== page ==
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1957 Sherrie 2021

Sherrie Lynn Arnold

March 13, 1957 — August 29, 2021

Sherrie Cleverley Arnold passed away on August 29th, 2021 after a long and courageous battle against cancer. Even until the very end she was serving others and taking care of her beloved family. Sherrie is survived by eternal companion and husband William Arnold, her four sons, Richard, Michael, Stephen and Jeffrey Arnold, her brother Bruce Cleverley and his wife Carolyn. Sherrie was preceded in death by her parents Marjorie and Albert Cleverley, daughter Catherine and son Jeremy. We know that she is enjoying her sweet reunion with them.

Words from Sherrie’s brother, Bruce Cleverley:

Sherrie Cleverly Arnold was born March 13th 1957 to Albert and Marjorie Cleverley in Blackfoot Idaho. For the first couple of years the family lived in Blackfoot Idaho and then in 1959 they moved to Idaho Falls. In September of 1961 they moved to Ammon Idaho where the family lived for many years and the kids grew up in Ammon Idaho. At a young age Sherrie developed a caring and nurturing disposition towards others. Throughout her life is continued as the young child barely three years old this is to be Bruce's salvation. Bruce was asleep in the crib and Sherrie was playing quietly in the same room. Her mom and dad were in the other room Bruce began to choke and quickly began to turn blue from lack of oxygen. Sherrie heard and saw what was going on and ran into the other room and got her Mom and Dad yelling “My Brucey blue my Brucey blue.” Mom and Dad ran in and found Bruce nearly gone and revived him and all was well because a loving sister who cared about her Brucie.
In the Curlew house as she grew up she was involved in many things she was in 4-H with Bruce and had pet rabbits. She helped the other kids do their projects as well and I remember her helping me write in our 4-H books so we would have our assignments done when the next meeting from 4-H. Sherrie was next into Girl Scouts until about the age of 12 years of age and got to do so many neat and cool things in Girl Scouts. Sherrie had so much fun telling Mom and Dad what she was doing. I wanted to be a girl scout too, but my dad had to explain to me why I couldn't. I was still jealous she excelled in Girl Scouts and young woman's and I saw her getting all sorts of ribbons and awards. I was in awe of my sister as a child. Sherrie and Bruce were often sick with illnesses such as pneumonia or flus. At one point they were both in the same hospital together in the same room. Sherrie said we could take turns picking the TV shows so that we would each get our own show to watch. Lassie was my favorite but Sherrie liked Flipper. Once when I was very sick as a young child and had a very high fever I was sick for Easter and was inconsolable. Sherrie knew that I was sad for not being able to get my Easter basket and decided to have Mom and Dad bring up my basket so she could give me the little gray truck that was in my Easter basket. This was typical of Sherrie, she was always caring and loving towards everyone even her little brother who didn't deserve it.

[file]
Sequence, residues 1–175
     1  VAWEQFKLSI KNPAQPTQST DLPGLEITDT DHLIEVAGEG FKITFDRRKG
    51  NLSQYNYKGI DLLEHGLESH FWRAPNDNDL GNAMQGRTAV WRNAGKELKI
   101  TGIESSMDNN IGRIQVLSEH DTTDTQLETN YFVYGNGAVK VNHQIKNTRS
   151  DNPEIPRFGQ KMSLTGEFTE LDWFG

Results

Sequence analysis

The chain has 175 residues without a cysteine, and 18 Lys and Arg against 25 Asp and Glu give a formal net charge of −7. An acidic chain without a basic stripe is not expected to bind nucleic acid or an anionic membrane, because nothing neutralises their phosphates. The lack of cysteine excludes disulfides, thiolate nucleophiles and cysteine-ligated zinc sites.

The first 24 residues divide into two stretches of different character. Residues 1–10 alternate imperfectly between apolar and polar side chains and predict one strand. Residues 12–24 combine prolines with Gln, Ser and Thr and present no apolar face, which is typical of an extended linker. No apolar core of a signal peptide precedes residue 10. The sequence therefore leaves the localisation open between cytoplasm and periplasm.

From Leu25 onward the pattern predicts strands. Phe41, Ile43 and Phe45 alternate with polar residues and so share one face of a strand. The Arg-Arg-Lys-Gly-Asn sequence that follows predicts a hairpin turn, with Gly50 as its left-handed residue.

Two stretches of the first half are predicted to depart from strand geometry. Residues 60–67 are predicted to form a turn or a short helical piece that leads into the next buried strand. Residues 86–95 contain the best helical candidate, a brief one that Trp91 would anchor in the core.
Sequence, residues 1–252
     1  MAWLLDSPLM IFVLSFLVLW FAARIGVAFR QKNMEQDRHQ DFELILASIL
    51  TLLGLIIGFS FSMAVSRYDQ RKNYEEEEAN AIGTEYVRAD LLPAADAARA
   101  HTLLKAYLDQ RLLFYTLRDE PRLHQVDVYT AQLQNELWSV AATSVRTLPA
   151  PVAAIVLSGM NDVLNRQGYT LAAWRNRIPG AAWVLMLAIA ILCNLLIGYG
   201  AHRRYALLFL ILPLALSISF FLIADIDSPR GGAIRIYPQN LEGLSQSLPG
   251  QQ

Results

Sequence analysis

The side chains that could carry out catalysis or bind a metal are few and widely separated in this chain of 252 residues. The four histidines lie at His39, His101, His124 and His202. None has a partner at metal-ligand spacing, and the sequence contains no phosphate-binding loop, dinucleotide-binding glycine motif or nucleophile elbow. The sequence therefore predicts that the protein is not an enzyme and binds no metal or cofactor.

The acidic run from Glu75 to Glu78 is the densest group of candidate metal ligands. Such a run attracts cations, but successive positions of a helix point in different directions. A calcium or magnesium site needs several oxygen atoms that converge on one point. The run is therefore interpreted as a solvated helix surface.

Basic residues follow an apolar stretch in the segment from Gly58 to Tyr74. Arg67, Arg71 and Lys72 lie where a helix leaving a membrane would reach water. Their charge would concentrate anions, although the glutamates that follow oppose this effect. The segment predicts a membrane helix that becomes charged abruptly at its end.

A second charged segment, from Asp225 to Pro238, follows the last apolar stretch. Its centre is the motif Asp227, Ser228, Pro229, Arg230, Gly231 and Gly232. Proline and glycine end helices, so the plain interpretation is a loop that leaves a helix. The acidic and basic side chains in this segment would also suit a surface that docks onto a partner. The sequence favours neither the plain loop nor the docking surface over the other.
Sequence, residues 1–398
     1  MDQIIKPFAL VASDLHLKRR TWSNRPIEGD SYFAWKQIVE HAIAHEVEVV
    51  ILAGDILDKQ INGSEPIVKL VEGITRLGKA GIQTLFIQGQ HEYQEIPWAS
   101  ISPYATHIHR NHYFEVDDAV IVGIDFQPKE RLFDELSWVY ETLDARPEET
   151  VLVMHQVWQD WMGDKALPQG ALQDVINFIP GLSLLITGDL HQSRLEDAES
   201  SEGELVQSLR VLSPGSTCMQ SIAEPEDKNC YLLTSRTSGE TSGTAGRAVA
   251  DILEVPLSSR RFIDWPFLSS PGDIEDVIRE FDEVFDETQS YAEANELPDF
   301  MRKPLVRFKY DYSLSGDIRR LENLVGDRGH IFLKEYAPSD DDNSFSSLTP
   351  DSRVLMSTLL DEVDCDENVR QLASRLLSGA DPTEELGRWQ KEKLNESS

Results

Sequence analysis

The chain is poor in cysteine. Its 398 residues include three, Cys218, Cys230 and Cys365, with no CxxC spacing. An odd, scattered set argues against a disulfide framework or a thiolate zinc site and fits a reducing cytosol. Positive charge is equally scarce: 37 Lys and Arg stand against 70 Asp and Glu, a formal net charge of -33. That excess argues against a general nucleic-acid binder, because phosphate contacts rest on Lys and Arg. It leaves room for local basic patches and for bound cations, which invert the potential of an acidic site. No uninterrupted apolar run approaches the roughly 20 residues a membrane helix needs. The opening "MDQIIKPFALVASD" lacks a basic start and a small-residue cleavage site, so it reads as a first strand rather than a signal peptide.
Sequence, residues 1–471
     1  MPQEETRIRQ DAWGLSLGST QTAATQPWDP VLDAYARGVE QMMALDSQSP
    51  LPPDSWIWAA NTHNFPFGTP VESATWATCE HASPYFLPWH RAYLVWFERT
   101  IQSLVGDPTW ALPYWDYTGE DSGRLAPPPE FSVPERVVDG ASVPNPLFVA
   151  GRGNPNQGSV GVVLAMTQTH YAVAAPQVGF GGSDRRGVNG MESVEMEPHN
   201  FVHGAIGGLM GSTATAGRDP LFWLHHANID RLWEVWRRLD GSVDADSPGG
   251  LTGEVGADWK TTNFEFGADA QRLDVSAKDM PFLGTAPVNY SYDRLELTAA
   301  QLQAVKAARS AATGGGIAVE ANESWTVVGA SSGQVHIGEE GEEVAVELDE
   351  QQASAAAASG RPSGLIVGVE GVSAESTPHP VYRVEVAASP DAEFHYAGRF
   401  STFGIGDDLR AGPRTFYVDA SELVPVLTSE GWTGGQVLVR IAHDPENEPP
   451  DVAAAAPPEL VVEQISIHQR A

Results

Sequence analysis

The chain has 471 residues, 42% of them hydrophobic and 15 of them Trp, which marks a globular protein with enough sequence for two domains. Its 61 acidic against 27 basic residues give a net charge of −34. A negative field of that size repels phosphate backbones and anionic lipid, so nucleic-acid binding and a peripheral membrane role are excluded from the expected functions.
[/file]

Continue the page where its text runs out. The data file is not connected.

When I was about 7 years old I had a collie pup which I named Lassie. During the night my pup got loose and was hit by a car. Throughout the night I lay there with my pup as it slowly died. The next morning after it was dead my sister put her arms around me and gave me a big hug and said I'm sorry your Lassie is gone. When Sherrie and Bruce were both little they learned how to ski. Marge and Albert took them up to Kelly Canyon to ski. Sherrie got fairly good and she taught Bruce the basics of skiing. As a small kid Sherrie and I were often farmed out for babysitting so Mom and Dad could work. One of the places we went to with Asa and Winifred's Baird house there in Idaho Falls. We explored the cellar, the old steamer trunk in the bedroom and we endured the severe whiskers that Asa love to rub on your cheeks.

Albert and Marjorie took Sherrie and Bruce on many families vacations. We spent a great many weekend at Dr. Harvey’s cabins. One in Palisades Idaho and the other one at Henry's Lake Idaho. They often had some ice cream cones at the Swan Valley commissary during those trips. During one such weekend at Dr. Harvey's cabin in Palisades slept in the same room. The moon was full that night and there was a breeze blowing. The result was that the shadow of a tree was on our bedroom window and it had an scaray shape and I imagined that someone was moving back and forth outside our window and was trying to get in. I was scared, I woke Sherrie up and showed her and she grabbed my hand and took me into the living room of the cabin and peered out the window and showed me that it was just a tree blowing in the wind. She then told me that I didn't have anything to be scared about that she had good hearing anyway and if someone were to ever try to get in and get us she would hear it and she would stop them. I had laid there in bed scared for a long time with my big sister. I would go to sleep many more times as we camped at the cabin but after that night I was never scared of the dark again because I knew Sherrie was watching over me with her good hearing.